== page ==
In the Willys Jeep case, the Court simply made a misstatement. If this Court were to conclude that an unambiguous statute was palpably absurd, how could we construe it to mean something that it did not say? Doing so would simply constitute revising the statute, but we do not have the authority to do that. The legislative power is vested in the senate and house of representatives, Idaho Const. art. III, § 1, not in this Court. As we said in Berry v. Koehler, 84 Idaho 170, 177, 369 P.2d 1010, 1013 (1962), "The wisdom, justice, policy, or expediency of a statute are questions for the legislature alone."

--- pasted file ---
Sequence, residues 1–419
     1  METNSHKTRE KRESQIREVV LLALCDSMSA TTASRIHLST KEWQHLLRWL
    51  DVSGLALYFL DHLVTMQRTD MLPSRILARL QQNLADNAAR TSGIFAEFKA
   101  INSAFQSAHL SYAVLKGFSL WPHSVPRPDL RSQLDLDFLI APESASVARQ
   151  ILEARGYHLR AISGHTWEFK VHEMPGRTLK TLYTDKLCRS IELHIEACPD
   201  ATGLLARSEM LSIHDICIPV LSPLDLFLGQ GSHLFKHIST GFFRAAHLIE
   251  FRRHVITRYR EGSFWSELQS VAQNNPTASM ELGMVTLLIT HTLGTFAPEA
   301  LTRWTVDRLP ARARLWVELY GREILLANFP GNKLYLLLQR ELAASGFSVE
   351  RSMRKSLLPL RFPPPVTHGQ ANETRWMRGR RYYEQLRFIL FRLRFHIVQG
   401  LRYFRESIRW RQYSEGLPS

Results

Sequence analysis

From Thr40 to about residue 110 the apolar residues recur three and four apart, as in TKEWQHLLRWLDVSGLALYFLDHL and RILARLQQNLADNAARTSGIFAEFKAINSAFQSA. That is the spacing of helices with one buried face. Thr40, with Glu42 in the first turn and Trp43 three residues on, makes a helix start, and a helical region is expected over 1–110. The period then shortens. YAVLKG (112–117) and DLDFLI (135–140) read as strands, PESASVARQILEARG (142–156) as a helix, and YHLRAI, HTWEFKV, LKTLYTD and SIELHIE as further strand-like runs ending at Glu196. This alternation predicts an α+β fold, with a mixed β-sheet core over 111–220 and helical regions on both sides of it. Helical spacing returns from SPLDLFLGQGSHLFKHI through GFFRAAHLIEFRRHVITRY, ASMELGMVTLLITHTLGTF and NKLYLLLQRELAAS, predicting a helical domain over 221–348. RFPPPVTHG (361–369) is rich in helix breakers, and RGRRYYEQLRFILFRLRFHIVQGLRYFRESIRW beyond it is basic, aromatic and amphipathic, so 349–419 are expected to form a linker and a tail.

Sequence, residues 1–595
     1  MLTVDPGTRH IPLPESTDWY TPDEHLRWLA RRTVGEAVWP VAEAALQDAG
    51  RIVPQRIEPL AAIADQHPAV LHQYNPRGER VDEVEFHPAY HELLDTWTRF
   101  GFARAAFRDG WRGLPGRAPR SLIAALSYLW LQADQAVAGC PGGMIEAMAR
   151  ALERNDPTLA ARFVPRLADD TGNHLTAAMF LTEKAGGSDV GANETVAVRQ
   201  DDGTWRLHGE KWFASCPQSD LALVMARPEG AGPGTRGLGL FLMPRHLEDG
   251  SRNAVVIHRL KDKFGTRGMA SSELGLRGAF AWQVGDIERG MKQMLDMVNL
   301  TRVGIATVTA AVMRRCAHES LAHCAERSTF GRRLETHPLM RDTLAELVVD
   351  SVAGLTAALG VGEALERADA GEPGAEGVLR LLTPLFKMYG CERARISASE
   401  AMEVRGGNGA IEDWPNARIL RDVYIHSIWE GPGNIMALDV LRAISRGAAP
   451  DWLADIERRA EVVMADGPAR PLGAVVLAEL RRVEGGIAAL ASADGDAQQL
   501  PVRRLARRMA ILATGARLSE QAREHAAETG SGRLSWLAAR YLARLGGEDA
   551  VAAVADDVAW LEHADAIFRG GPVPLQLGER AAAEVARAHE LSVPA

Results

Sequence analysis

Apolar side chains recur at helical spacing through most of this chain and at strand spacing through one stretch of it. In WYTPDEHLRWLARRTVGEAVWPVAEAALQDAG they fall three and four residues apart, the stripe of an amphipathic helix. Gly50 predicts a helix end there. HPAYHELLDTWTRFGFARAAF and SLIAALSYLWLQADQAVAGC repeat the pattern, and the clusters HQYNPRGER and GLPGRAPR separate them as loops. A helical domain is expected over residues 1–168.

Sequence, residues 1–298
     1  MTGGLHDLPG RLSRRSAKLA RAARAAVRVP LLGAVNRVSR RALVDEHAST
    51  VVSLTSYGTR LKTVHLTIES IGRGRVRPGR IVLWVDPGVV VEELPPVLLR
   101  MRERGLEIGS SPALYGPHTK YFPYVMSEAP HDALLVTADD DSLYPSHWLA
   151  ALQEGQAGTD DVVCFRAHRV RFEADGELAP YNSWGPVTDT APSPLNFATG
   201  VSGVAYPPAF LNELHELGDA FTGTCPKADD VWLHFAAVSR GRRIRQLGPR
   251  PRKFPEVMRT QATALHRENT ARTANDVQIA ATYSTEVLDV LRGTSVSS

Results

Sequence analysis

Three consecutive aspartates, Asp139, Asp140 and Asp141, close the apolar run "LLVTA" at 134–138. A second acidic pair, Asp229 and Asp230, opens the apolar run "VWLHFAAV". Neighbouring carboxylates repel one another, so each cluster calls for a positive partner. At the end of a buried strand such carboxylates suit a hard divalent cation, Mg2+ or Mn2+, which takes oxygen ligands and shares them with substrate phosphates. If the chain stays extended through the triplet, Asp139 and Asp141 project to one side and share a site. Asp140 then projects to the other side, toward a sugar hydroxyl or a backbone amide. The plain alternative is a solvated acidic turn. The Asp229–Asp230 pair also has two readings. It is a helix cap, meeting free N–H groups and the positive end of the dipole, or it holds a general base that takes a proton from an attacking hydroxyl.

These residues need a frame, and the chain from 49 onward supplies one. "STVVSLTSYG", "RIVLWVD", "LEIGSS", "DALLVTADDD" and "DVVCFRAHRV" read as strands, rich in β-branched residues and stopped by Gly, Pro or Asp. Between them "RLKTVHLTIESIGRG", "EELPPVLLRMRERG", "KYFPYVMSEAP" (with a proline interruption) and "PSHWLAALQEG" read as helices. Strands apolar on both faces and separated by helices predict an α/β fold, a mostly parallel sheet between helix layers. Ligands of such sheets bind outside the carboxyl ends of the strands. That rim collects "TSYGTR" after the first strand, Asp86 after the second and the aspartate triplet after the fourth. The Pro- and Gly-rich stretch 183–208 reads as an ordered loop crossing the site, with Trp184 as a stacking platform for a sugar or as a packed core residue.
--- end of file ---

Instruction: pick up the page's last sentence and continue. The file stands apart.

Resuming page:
We have recited the language from the Willys Jeep case or similar language numerous times, usually without even addressing whether we considered the unambiguous statute absurd as written. See State v. Urrabazo, 150 Idaho 158, 244 P.3d 1244 (2010); Statewide Constr., Inc. v. Pietri, 150 Idaho 423, 247 P.3d 650 (2011); Viking Constr., Inc. v. Hayden Lake Irrigation Dist., 149 Idaho 187, 233 P.3d 118 (2010); State v. Pina, 149 Idaho 140, 233 P.3d 71 (2010); Kootenai Hosp. Dist. v. Bonner County Bd. of Comm'rs, 149 Idaho 290, 233 P.3d 1212 (2010); Farber v. Idaho State Ins. Fund, 147 Idaho 307, 208 P.3d 289 (2009); Federated Publ'ns, Inc. v. Idaho Business Review, Inc., 146 Idaho 207, 192 P.3d 1031 (2008); State Dept. of Health and Welfare v. Hudelson, 146 Idaho 439, 196 P.3d 905 (2008); State v. Mubita, 145 Idaho 925, 188 P.3d 867 (2008); State v. Hensley, 145 Idaho 852, 187 P.3d 1227 (2008); In re Daniel W., 145 Idaho 677, 183 P.3d 765 (2008); Mattoon v. Blades, 145 Idaho 634, 181 P.3d 1242 (2008); State v. Kimball, 145 Idaho 542, 181 P.3d 468 (2008); State v. Parkinson, 144 Idaho 825, 172 P.3d 1100 (2007); State v. Grazian, 144 Idaho 510, 164 P.3d 790 (2007); In re Estate of Miller, 143 Idaho 565, 149 P.3d 840 (2006); Kirkland v. State, 143 Idaho 544, 149 P.3d 819 (2006); Employers Res. Mgmt. Co. v. Department of Ins., 143 Idaho 179, 141 P.3d 1048 (2006); McNeal v. Idaho Pub. Utils. Comm'n, 142 Idaho 685, 132 P.3d 442 (2006); Rahas v. Ver Mett, 141 Idaho 412, 111 P.3d 97 (2005); Kootenai Med. Ctr. v. Bonner County Comm'rs, 141 Idaho 7, 105 P.3d 667 (2004); State v. Thompson, 140 Idaho 796, 102 P.3d 1115 (2004); Garza v. State, 139 Idaho 533, 82 P.3d 445 (2003); Dyet v. McKinley, 139 Idaho 526, 81 P.3d 1236 (2003); State v. Schwartz, 139 Idaho 360, 79 P.3d 719 (2003); Inama v. Boise County ex rel. Bd. of Comm'rs, 138 Idaho 324, 63 P.3d 450 (2003); State v. Jeppesen, 138 Idaho 71, 57 P.3d 782 (2002); Ahles v. Tabor, 136 Idaho 393, 34 P.3d 1076 (2001); State v. Daniel, 132 Idaho 701, 979 P.2d 103 (1999); State v. Knott, 132 Idaho 476, 974 P.2d 1105 (1999); Idaho Dep't of Health and Welfare v. Jackman, 132 Idaho 213, 970 P.2d 6 (1998); City of Sun Valley v. Sun Valley Co., 123 Idaho 665, 851 P.2d 961 (1993); In re Application for Permit No. 36-7200, 121 Idaho 819, 828 P.2d 848 (1992);